Efforts to make Caller ID more useful – and more trustworthy – aren’t stopping at the nationwide rollout of STIR/SHAKEN, with a new push to include company logos on your phone’s screen. Get ready to hear plenty from carriers about Rich Call Data (RCD), which combines Caller ID with anti-spoofing authentication to make it more obvious at a glance who’s calling you.
Caller ID may have started out as a convenience feature, but its usefulness was rapidly diluted when spam callers figured out how to spoof the number. Even though your phone might say it’s your bank, airline, or a company like Apple or Microsoft ringing, the reality can be very different. Each year, many thousands of people fall for scams because they trust the person calling is indeed who they claim to be.
STIR/SHAKEN is one way the US Federal Communications Commission (FCC) is trying to tackle that. The system basically authenticates all stages of a phone call, from the originating network (i.e. that of the person making the call) through all the hops in-between, to the delivery network (i.e. your carrier, receiving the call). By maintaining that path of accountability, it reduces the likelihood of a spoofed Caller ID showing up on your phone screen.
The FCC announced earlier this month that the largest voice service providers in the US had all activated STIR/SHAKEN – which actually consists of two standards, Secure Telephone Identity Revisited (STIR) and Signature-based Handling of Asserted Information Using toKENs (SHAKEN) – to “sign” legitimate calls. The next step there is for smaller carriers to get onboard, something the FCC says it’s considering accelerating the deadline for.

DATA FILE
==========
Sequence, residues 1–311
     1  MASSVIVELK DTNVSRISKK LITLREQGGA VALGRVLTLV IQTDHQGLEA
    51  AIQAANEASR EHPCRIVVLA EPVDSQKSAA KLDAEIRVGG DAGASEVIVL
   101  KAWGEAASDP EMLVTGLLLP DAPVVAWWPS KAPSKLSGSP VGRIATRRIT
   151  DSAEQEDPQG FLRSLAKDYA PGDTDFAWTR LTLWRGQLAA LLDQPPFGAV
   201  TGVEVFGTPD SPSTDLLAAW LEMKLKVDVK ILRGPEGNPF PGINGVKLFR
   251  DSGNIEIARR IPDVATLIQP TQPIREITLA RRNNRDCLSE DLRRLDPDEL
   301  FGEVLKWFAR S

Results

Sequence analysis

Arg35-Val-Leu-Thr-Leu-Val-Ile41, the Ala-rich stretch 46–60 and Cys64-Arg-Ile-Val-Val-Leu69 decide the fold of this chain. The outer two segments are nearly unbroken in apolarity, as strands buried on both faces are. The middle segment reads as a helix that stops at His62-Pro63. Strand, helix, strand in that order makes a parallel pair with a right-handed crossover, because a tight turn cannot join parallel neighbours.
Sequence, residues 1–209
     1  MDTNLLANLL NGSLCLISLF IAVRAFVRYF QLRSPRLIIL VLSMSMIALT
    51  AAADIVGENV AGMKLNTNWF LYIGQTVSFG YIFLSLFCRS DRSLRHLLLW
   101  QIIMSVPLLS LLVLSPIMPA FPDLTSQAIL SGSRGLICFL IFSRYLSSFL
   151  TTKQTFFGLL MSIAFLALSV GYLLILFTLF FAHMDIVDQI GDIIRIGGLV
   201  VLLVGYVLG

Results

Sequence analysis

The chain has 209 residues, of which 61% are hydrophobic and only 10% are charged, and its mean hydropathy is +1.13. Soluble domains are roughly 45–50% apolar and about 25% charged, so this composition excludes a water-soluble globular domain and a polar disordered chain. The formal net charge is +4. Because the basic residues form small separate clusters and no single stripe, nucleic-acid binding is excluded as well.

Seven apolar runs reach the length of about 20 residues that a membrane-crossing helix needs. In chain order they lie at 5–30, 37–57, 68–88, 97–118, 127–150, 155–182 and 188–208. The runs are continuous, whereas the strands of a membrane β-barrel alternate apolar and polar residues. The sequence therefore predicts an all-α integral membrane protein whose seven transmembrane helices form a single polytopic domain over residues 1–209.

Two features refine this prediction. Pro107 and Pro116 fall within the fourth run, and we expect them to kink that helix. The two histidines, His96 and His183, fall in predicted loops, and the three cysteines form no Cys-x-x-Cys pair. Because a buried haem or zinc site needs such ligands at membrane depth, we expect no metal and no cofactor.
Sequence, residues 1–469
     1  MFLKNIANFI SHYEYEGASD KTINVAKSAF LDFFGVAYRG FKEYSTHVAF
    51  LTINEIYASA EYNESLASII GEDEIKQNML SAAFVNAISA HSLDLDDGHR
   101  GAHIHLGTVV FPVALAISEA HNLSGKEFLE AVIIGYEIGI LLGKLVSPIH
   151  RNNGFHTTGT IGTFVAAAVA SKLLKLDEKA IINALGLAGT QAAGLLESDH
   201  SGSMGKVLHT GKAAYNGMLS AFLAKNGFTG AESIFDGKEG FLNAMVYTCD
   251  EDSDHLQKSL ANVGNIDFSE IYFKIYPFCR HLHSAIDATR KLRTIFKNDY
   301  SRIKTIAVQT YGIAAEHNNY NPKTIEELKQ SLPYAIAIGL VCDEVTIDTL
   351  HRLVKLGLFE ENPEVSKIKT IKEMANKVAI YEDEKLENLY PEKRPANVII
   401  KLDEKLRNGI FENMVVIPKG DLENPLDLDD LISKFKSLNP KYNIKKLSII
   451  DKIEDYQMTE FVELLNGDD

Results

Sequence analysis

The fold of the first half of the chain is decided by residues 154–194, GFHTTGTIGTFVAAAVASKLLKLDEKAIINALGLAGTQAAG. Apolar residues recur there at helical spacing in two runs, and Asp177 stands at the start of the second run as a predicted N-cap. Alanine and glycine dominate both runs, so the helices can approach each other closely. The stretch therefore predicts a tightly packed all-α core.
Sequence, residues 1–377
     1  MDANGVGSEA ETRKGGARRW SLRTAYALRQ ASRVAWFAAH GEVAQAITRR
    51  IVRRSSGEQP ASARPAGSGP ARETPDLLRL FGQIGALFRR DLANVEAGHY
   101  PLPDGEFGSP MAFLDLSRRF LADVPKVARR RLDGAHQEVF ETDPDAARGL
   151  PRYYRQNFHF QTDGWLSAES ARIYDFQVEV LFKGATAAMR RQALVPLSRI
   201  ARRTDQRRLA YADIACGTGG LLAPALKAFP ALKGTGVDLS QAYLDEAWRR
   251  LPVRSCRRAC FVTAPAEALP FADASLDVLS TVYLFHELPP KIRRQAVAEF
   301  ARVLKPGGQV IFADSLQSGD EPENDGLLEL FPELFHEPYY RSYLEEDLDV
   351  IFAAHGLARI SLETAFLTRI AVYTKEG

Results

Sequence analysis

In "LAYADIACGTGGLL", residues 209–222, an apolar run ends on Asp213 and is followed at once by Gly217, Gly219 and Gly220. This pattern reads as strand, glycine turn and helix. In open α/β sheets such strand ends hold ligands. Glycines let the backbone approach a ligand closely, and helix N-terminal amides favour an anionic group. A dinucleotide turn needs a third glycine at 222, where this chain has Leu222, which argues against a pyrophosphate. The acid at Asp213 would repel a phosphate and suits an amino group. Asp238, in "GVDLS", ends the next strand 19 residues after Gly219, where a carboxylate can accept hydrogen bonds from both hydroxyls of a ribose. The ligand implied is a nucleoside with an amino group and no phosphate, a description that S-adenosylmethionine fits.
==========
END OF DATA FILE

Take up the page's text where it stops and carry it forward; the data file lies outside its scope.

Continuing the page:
At the same time, though, efforts are underway to tap that validated Caller ID and make it easier for people to see at a glance who is calling. Rich Call Data is part of the framework for STIR/SHAKEN, and allows the originating caller to choose a logo – probably a familiar brand – that will show up on the Caller ID screen along with their name. So, if Apple is calling you, the Apple logo might show up on your lock screen as well.
It taps the SHAKEN system, and specifically is part of the Identity token. While logos appearing on Caller ID have been used before, they typically rely on the device comparing the number to a database of companies to decide what to show. RCD, in contrast, allows the caller to choose the branding. It’s pulled from a database managed by Registered Caller, organized by the CTIA wireless industry trade association.
If the STIR/SHAKEN authentication isn’t satisfied, the logo or branding won’t be shown.
It’ll take a little while before we start seeing this on our phones, of course. T-Mobile has recently demonstrated a proof-of-concept, announcing what it says is believed to be the first example of RCD in action. However there’s no timeline for when it might start rolling the feature out to subscribers.